Mount Vesuvius

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I recall a dream
of emptying myself of molten rage and ashen fury,
blighting the verdant fields of wild grass and lilac
who grew brightly down my side,
nourished by the sweet lemon air floating from the crystalline Mediterranean sea.
I remember how it poured along my flanks,
dribbling down like drool from the mouth of a demented dog,
reeking like the Furies fresh from Hades and laughing sadistic plumes of flame
as it traveled slowly, confidently,
burning troughs that would later bear water and flowers,
but always stand likes scars, monuments to my temper,
black and carbonized under the gentle spring-time sun
whose honeyed glow purges the bitterness of iron and dust from my tongue.
I still taste the magma, foul and thick,
as it stays stuck between my teeth, the taste fading everyday
My stomach growls and spits from my pores
those same hunks of pungent pumice and pallid steam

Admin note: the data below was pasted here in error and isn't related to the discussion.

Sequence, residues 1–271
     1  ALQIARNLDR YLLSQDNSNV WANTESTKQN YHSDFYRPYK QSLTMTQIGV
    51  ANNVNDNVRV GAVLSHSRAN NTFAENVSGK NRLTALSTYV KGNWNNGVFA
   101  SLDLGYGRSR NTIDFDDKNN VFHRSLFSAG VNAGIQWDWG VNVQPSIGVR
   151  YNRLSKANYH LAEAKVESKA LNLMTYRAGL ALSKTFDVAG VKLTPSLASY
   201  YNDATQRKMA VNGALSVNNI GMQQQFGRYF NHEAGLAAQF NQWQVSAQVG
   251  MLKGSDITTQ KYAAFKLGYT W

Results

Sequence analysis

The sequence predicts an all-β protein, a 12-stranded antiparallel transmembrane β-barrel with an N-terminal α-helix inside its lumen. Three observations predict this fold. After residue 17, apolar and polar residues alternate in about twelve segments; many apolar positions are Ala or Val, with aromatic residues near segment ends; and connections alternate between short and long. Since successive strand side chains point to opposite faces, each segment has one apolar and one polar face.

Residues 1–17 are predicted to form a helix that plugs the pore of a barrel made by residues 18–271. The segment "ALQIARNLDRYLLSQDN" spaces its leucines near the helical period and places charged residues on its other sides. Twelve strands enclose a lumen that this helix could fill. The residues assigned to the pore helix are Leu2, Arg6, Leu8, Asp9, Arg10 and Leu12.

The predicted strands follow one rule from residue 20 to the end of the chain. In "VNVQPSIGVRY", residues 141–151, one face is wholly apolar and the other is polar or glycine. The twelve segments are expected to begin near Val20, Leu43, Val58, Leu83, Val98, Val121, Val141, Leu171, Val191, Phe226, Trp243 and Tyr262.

who once laid my corner of the world to nothing more than waste
and ash.

Bodies choked and filled and preserved in smoke,
people cloaked in scalding ash,
burned and bleeding and silent
with incensed dust blowing about their bones and roasting their brains,
their bodies warped and crooked as olive trees, painted with red and orange tongues.
Still I cough as the last of their screams reverberate,
in dying intensity,
through my inner chambers
and are drowned in the stilling silence
accumulated over ages of piercing the clouds with a choleric mouth
that will never again open as wide or discharge as violently,
but remains threateningly aimed cannon-like at the sun himself
and the stars and the moon.
I dream along with the murmuring alien drone of cicada
as they whisk away spirits and bad dreams with their otherworldly chant.





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